No Win: Love Island’s Molly-Mae Hague broke rules with Instagram giveaway
April 22, 2021
2 min read
What's going on here?
Reality TV star, Molly-Mae Hague has been reprimanded for breaching the rules for online competitions.
What does this mean?
Last year, the Love Island star ran a giveaway in which the prize, valued at over £8,000, included beauty products, luxury bags, laptops, and watches. To enter the competition users had to like the post, tag a friend, and subscribe to her Instagram and YouTube channels. The rules for a prize draw competition such as this one state that, among other things, the winner should be selected randomly.
Despite the fact that the competition attracted almost 3 million entrants, only 25 shortlisted entrants went into a random name generator to find the winner. As a result, it was questioned whether Molly-Mae had given everyone a fair chance of winning. When questioned by the Advertising Standards Authority (ASA) Ms Hague gave inconsistent accounts as to how the shortlisted entrants were chosen, and as she could not provide evidence that they had been chosen randomly, the ASA concluded that the competition had not been run fairly.
What's the big picture effect?
Until recently the Advertising Standards Authority had largely focused on influencers who failed to correctly flag their paid posts as advertisements. In 2020, the ASA found that only 35% of ads had been clearly labelled as promotional content. However, the regulatory body has now made it clear that the rules for influencer promoted products goes further than just labelling it as #ad. The ruling against Ms Hague for example comes after the ASA took action by banning the use of filters when advertising beauty products, as fake tan promoting influencers were found to be using filters that exaggerated the products’ effects.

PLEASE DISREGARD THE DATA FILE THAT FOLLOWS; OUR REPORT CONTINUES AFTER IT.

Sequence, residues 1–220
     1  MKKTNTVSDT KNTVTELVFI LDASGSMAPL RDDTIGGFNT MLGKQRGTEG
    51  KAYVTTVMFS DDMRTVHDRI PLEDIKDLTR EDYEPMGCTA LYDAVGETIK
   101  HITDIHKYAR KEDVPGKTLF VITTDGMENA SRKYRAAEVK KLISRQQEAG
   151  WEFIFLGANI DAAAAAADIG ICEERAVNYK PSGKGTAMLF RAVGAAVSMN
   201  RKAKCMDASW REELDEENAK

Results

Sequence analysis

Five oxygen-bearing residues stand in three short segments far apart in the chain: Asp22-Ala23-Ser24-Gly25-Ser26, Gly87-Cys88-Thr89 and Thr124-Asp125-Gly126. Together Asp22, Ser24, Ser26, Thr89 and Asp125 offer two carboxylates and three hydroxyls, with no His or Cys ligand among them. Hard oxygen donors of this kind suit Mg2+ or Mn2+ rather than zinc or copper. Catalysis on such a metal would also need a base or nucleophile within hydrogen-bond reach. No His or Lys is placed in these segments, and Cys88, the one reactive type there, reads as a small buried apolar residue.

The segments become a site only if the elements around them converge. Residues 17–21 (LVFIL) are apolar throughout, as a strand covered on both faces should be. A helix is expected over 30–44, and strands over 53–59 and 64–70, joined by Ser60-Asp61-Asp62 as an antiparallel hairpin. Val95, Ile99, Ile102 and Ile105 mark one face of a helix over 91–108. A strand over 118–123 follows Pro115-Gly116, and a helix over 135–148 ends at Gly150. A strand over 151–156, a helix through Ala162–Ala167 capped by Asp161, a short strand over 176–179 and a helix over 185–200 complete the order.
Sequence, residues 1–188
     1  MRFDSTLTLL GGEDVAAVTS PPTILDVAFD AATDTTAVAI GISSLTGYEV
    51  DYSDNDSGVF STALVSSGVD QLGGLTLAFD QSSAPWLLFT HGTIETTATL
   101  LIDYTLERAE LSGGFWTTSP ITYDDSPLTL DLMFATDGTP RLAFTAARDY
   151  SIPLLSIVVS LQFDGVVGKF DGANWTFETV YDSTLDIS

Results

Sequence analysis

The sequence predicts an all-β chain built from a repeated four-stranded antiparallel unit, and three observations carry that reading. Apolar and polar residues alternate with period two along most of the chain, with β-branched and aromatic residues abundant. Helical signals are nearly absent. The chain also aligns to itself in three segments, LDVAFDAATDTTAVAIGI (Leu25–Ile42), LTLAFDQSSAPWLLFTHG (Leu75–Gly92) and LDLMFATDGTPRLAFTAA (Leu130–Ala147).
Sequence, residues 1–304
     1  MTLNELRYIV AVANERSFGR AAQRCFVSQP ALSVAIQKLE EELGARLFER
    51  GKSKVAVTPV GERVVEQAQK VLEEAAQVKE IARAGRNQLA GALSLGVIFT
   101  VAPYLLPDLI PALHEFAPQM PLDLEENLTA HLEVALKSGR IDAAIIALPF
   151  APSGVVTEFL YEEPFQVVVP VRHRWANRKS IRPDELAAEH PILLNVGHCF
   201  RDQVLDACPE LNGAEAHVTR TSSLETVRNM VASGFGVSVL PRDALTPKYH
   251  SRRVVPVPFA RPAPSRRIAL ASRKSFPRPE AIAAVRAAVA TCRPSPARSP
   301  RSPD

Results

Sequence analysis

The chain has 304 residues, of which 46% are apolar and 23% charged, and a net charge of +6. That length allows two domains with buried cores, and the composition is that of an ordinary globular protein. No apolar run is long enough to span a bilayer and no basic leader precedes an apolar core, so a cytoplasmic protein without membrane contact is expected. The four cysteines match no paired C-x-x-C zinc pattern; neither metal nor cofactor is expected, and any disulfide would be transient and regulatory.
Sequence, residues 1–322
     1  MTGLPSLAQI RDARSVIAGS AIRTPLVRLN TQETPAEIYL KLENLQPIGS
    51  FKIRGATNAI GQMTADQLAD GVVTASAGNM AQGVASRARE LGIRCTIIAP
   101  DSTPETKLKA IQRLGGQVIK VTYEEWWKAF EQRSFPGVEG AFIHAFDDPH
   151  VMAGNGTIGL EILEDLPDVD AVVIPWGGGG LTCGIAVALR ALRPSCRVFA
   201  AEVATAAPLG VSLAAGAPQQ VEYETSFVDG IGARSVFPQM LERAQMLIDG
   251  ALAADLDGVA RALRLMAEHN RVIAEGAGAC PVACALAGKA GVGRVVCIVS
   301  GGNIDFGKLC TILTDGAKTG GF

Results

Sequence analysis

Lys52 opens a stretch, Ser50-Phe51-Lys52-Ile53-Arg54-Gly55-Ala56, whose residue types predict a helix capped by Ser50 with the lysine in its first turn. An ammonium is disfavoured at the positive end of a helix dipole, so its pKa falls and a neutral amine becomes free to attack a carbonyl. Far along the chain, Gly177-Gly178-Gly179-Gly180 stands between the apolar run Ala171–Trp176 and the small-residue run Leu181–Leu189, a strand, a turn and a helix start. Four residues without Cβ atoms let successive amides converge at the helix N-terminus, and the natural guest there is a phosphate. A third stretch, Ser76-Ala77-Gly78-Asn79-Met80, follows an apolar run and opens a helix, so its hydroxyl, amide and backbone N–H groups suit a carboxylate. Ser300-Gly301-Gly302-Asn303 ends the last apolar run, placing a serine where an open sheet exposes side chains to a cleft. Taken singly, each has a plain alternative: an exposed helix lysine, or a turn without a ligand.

In targeting influencers with a large following like Ms Hague, the ASA is reminding smaller influencers that they must also abide by the same rules as other brands. The ASA has so far refrained from making a list of non-compliant influencers but has warned that it could do so in the future. Such action would likely deter brands from working with non-compliant influencers. Further, brands may seek to include specific terms in influencers’ contracts to ensure compliance with the rules and the brands’ objectives. With increased action by the ASA, we may see greater compliance and honesty in influencer advertising in the future. However, it’s not only the ASA that is taking note, as the Competition and Markets Authority (CMA) is also cracking down on the area. The CMA recently obtained undertakings from high profile influencers and celebrities that they would comply with the rules and will make it clear when they have been paid or supplied with products.
The ASA is clearly getting tough on social media advertising, and this is a further acknowledgement that influencer marketing is a commercial undertaking. However, the treatment of influencers as businesses goes directly against what they seek to achieve – which is a more genuine and natural endorsement of a product. Whether or not such restrictions will hold back the industry is doubtful, but it is certainly an area that will continue to develop at rapid speeds.
Report written by Julie Lawford
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